Question about MIG wire thickness
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  1. #1
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    Dec 2005
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    Question about MIG wire thickness

    This is probably a really simple question, but I haven't been able to find an answer. I have been running my 120 V MIG welder with 0.030" solid wire and C25 shielding gas (with nice results). If I kept all other settings constant and changed the wire to 0.024", how would the welding bead be affected? Sorry if this is a stupid question.

  2. #2
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    no its not a stupid question, yet the answer is it will be affected. The smaller the wire the less current needed to melt it. Dont know your age or your personal experiences, however, if youve got electrical experience of much youll understand that the more voltage and amperage the thicker the wire needed. Well same concept in welding. If in your electrical circuit you run too small of a wire you can create a fire and burn up the circuit. Add a heavier wire and youre safe. Of course one must remember you cant just add a heavier wire and go safe, you need to have a wire matched for length and the amperage. Ok, so back to your question.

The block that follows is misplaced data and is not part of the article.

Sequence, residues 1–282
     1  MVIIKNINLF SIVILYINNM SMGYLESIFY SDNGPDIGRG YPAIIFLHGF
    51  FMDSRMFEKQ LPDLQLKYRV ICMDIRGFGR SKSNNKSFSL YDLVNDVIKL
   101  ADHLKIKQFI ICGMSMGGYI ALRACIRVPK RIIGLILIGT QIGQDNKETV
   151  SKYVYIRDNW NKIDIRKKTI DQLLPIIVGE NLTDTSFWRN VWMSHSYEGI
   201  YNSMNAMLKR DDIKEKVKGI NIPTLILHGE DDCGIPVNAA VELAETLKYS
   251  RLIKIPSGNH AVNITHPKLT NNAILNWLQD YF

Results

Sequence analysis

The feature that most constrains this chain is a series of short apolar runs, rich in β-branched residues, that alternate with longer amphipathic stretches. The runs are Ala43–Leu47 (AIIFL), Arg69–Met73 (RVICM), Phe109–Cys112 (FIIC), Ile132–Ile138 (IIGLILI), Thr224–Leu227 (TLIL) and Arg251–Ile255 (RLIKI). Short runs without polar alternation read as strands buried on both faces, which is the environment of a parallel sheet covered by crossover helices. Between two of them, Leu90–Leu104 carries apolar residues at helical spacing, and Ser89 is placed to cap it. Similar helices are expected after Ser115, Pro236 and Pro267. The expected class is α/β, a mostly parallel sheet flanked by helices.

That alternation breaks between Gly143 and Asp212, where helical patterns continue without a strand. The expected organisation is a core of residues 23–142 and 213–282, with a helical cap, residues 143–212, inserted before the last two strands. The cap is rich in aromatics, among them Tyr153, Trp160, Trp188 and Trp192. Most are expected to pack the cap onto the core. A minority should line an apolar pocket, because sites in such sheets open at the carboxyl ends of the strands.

By runninga smaller wire you will have too much current. Therefore you will need to turn your machine down. If you were to add a thicker wire like .035 or .045 youd need more current. Also youre shielding gas can carry some variations, but thats not important. C25 is real good to use. Besides that, need to make sure you have the right drive rollers and the proper tips and liner in your whip for the smaller wire. I dont know off handwhich sizes are interchangable and which arent. Good luck